So I got round to reading the original paper about automatically predicting who’s likely to be a troll. This was always likely to be fun:
Defining trolls as those who get banned for trolling, a pragmatic solution if nothing else, they obtained a large corpus of comments from three high-volume sources, CNN, a gamer news site, and Breitbart. (Clearly they weren’t about to risk not finding enough trolls.) They paid people to classify the comments on various metrics, and also derived a lot of algorithmic metrics, and used this to train a machine learning model to guess which users were likely to be banned down the line.
The results are pretty fascinating. For a start, there are two kinds of troll – ones who troll-out fast, explode, and get banned, and ones whose trollness develops gradually. But it always develops, getting worse over time.
In general, we can conclude that trolls of all kinds post too much, they obsess about relatively few topics, they are often off topic, and their prose is unreadable as measured by an automated index of readability. Readability was one of the strongest predictors they found. They also generate lots of replies and monopolise attention.
Not surprisingly, predictions are harder the further the moment of the ban is into the future. However, the classifier was most effective looking at the last 5 to 10 posts – it actually lost forecasting skill if you gave it more data. Fortunately, because trolling is a progressive condition that tends to get worse, scoring the last 10 comments on a rolling basis is a valid strategy.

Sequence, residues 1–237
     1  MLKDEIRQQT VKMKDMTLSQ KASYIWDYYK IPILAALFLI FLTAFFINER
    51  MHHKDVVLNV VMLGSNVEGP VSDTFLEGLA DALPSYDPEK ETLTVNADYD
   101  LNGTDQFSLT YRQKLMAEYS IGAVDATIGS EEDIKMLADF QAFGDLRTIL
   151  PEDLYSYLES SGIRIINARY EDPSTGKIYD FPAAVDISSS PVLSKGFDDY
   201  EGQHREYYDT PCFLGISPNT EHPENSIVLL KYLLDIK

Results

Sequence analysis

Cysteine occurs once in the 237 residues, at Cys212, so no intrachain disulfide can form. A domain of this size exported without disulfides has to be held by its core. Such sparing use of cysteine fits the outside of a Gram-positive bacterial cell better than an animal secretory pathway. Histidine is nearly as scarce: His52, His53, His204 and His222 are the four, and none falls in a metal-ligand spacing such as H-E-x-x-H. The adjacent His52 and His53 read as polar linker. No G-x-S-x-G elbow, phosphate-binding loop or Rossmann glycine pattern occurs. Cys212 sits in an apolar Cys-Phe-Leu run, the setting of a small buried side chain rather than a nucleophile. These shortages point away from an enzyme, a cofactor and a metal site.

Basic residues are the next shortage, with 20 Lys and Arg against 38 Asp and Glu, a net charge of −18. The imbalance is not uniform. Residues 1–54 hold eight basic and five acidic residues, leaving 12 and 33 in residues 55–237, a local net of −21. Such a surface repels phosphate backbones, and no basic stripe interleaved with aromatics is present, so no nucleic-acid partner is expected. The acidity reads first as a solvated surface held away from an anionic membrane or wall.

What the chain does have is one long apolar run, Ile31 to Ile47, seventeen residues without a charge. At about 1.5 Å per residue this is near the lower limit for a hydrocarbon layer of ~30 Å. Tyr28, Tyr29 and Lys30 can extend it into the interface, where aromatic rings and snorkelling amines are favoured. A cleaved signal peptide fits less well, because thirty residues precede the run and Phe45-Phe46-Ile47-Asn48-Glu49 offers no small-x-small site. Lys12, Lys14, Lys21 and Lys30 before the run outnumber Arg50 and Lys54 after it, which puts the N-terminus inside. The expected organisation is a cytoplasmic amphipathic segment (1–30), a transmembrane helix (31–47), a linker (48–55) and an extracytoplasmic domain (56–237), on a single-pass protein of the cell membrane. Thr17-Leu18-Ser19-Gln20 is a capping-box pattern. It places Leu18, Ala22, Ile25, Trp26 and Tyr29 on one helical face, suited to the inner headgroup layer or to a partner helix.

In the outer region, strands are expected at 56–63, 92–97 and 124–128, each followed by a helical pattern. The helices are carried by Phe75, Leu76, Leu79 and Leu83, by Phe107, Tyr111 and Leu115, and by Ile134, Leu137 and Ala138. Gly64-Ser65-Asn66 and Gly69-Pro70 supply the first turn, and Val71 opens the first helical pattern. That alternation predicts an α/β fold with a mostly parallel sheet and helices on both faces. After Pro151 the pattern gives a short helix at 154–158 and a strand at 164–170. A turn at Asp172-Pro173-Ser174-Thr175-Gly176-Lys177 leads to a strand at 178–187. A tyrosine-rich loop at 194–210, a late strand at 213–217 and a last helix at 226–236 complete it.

Their algorithm, in the end, identified trolls with about 80% reliability. Very interestingly indeed, its performance didn’t suffer much if it was trained against normal below-the-line noise and then used on gamergate, or if it was trained against gamers and then used on libertarians (perhaps less of a surprise), or whatever. The authors argue that this is an indication that it’s picking up some kind of pondlife tao, an invariant essence of disruptive windbag.
The really interesting bit, though, was when they got to the feedback-loop between potential trolls, moderators, and the civilian population. You might think that being able to identify potential trolls within the first 5-10 comments presents the possibility of an early-intervention strategy. My own experience with Fistful of Euros back when it had 150-comment threads about the Middle East was that explicit early warnings – yellow cards – often worked. They found, however, that earlier and more aggressive intervention from moderators and other users was correlated with faster escalation. Specifically, those who had posts deleted early saw their readability index scores worsen rapidly, one of the strongest markers of trollness.
Now, you might say this doesn’t matter. Just stick the OtoMerala Super-Rapid 76 in automatic close-in defence mode and let the machines do the work!
But there’s a serious issue here and it’s our old pal, the Terroriser algorithm. They make the excellent point that 80% is pretty good but it’s a lot of false-positive results. Given that the principal components we mentioned above are basically conventional norms of discursive civility, there’s also the problem that our filter might be both racist and snobbish. The fact it worked well across dissimilar communities, though, is encouraging.
The distinction between fast and slow trolls – Hi-FBUs and Lo-FBUs in the paper – also suggests that there’s something going on here about different strategies of anti-social behaviour. Perhaps trolls with more cultural capital adopt strategies of disruption that allow them to persist longer and do more damage? More research, as they say, is needed. That said, I wouldn’t write off early intervention completely, and neither do the authors – the question may just be an optimisation.
Obviously what it needs now is an implementation.